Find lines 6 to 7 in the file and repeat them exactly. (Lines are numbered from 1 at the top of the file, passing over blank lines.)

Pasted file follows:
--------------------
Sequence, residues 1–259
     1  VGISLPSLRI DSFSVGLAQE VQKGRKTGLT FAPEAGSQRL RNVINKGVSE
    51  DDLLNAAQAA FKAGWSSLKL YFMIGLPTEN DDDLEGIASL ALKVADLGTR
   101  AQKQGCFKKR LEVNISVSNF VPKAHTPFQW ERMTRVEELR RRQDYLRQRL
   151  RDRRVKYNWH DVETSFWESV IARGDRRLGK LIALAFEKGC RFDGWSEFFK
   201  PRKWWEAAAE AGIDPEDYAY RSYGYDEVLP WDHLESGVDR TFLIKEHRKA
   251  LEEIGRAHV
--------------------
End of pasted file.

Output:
   201  PRKWWEAAAE AGIDPEDYAY RSYGYDEVLP WDHLESGVDR TFLIKEHRKA
   251  LEEIGRAHV